Mike Cameron is being checked for appendicitis; Jacoby Ellsbury still hurting

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Mike Cameron outfield.jpgRough day for Boston. First they got abused by Francisco Liriano, and now their starting centerfielder is, as we speak, sitting in a Minnesota hospital being checked for appendicitis after experiencing lower abdominal pain before the game. He was scratched, with the team thinking it was a muscle strain, but that may not be the case. Cameron is missing the team flight back to Boston.

The guy who would play centerfield if Cameron has to have his appendix taken out is Jacoby Ellsbury. Unfortunately he’s not doing well either. Initially thought to be good to go by tomorrow, Ellsbury said he’s still hurting. “I still can’t really take a deep breath, I get a sharp
pain,” Ellsbury told the Boston Herald’s Michael Silverman. Ellsbury took 15-20 swings off a tee today at 10 percent effort, Silverman reports, and Ellsbury might have to go on the disabled list.

If both Cameron and Ellsbury are out, Bill Hall, who played center today, likely takes over.  I suppose J.D. Drew could play there too if need be, but no sense messing with everyone when you can only mess with one guy.

U.S. Court of Appeals affirms ruling that the minor leagues are exempt from federal antitrust law

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The Associated Press reported that on Monday, the U.S. Court of Appeals for the 9th Circuit affirmed a district court ruling which holds that the minor leagues are exempt from federal antitrust law, just like the major leagues.

In 2015, four minor leaguers sued Major League Baseball, alleging that MLB violated antitrust laws with its hiring and employment policies. They accused MLB of “restrain[ing] horizontal competition between and among” franchises and “artificially and illegally depressing” the salaries of minor league players.

The U.S. Court of Appeals said the players failed to state an antitrust claim, as the Curt Flood Act of 1998 exempted Minor League Baseball explicitly from antitrust laws.

This case is separate from the Aaron Senne case in which Major League Baseball is accused of violating the Fair Labor Standards Act. That case was recertified as a class action lawsuit in March. In December, Major League Baseball established a political action committee (PAC), which came months after two members of Congress sought to change language in the FLSA so that minor league players could continue to be paid substandard wages.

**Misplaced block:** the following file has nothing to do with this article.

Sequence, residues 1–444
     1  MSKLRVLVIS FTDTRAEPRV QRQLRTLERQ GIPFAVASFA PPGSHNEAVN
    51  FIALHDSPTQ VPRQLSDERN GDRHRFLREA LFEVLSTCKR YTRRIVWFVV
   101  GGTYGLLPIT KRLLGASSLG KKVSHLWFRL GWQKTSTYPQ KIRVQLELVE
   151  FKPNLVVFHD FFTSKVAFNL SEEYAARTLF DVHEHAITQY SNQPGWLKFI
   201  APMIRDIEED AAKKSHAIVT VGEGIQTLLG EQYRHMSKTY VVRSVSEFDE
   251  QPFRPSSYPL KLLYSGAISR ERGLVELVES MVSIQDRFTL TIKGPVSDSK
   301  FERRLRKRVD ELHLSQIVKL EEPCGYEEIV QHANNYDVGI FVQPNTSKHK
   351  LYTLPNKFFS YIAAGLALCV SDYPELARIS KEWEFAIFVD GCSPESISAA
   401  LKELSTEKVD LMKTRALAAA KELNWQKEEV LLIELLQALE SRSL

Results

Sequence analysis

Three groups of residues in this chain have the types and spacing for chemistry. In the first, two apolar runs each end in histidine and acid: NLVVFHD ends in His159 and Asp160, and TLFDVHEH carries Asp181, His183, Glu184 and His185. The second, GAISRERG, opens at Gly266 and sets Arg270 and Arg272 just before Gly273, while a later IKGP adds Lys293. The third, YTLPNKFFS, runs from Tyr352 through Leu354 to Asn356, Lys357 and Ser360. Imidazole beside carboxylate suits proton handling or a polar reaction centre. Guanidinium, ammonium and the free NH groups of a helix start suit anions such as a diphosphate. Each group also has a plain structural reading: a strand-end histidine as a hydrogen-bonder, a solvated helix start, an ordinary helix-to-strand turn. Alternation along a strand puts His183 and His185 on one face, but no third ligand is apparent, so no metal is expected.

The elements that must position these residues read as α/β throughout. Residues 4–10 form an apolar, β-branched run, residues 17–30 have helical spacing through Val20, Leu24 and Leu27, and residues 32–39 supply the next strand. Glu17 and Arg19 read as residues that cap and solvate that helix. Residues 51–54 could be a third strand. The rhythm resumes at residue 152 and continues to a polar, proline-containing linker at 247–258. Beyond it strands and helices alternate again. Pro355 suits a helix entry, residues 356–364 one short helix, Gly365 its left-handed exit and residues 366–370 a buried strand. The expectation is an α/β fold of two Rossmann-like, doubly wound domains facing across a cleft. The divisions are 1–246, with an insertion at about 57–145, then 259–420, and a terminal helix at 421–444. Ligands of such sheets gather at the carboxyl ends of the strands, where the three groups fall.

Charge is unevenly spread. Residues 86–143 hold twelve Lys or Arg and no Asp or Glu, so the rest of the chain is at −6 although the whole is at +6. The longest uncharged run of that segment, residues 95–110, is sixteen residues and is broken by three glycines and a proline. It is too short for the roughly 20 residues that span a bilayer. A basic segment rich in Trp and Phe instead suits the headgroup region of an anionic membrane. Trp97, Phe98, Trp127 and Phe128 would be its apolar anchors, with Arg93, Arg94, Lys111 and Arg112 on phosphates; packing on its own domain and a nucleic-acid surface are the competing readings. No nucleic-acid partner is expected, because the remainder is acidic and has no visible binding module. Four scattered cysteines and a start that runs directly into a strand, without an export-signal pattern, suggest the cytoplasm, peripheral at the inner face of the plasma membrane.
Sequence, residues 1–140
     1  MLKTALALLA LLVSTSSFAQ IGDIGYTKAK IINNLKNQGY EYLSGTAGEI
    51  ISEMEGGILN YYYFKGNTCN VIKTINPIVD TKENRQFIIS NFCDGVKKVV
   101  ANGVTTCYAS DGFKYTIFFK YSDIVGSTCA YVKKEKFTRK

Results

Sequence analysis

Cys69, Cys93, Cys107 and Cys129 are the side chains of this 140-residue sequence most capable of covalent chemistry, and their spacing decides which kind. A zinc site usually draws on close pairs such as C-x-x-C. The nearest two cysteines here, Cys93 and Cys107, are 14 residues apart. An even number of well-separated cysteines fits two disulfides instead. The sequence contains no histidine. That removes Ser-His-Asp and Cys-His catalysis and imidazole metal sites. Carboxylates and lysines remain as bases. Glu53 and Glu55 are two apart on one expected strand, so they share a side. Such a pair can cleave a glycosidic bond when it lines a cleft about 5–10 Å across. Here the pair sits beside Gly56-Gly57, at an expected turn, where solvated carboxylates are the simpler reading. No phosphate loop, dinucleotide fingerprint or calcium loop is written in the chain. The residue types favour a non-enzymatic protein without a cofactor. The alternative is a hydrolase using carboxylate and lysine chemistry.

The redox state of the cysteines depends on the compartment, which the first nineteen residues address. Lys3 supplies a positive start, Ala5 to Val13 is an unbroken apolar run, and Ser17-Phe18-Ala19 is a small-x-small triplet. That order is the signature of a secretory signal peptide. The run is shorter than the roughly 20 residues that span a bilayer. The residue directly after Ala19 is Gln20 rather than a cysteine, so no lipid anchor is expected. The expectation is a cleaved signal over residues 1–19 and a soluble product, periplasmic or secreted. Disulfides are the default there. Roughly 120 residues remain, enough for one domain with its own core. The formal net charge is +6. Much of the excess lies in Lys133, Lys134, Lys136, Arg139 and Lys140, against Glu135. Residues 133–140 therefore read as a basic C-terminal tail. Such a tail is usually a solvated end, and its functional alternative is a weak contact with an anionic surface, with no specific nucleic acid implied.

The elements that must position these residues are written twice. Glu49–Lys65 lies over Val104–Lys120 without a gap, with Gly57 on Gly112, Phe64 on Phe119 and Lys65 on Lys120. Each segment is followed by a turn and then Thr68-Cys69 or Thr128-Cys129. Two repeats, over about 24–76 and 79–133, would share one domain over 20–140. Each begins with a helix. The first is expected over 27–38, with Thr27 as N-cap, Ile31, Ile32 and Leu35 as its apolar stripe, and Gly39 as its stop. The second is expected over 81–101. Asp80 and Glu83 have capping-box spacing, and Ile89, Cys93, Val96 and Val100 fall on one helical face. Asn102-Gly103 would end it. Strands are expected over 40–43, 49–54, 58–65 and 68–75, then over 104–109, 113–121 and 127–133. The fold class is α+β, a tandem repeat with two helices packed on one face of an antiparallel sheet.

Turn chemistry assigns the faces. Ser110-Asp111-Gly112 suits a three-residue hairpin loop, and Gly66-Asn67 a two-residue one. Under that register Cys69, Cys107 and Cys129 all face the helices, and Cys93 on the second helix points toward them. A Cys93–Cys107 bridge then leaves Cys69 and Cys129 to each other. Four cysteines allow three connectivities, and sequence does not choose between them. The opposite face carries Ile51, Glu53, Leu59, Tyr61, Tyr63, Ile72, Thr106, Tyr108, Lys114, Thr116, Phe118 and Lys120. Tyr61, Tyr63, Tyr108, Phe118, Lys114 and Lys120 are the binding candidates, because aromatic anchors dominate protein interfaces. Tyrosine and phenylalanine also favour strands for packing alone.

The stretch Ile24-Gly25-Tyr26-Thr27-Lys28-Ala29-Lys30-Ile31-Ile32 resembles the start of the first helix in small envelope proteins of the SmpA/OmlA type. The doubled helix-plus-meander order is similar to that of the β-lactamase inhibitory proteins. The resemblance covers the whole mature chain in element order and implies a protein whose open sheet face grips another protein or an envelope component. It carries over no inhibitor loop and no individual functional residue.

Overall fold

Rockies place Carlos Gonzalez and Tyler Anderson on the disabled list

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The Rockies announced on Monday that outfielder Carlos Gonzalez and pitcher Tyler Anderson were placed on the 10-day disabled list. The club activated reliever Chad Qualls from the disabled list and recalled reliever Jairo Diaz from Triple-A Albuquerque.

Gonzalez, 31, is dealing with a strained right shoulder. He’s in the midst of his worst season, batting .221/.300/.348 with six home runs and 20 RBI in 277 plate appearances. Gonzalez is a free agent after the season and has been commonly brought up in trade discussions, but his latest injury and underwhelming season will make it difficult for the Rockies to get anything meaningful in return this summer.

Anderson, 27, has inflammation in his left knee. He dealt with a knee problem earlier this season, so the injury seems to have been reaggravated. The lefty has an ugly 6.11 ERA with a 63/23 K/BB ratio in 63 1/3 innings this season.

Qualls, 38, went on the disabled list earlier this month with back spasms. He had previously been dealing with forearm inflammation, so it’s been a rough year for the veteran. He is carrying a 4.60 ERA with a 9/5 K/BB ratio in 15 2/3 innings.

Diaz, 26, hasn’t appeared in the majors since 2015. He has appeared in only eight games at Triple-A as he opened the season on the disabled list after undergoing Tommy John surgery last year. So far, Diaz has allowed three earned runs on seven hits and two walks with nine strikeouts in 7 2/3 innings.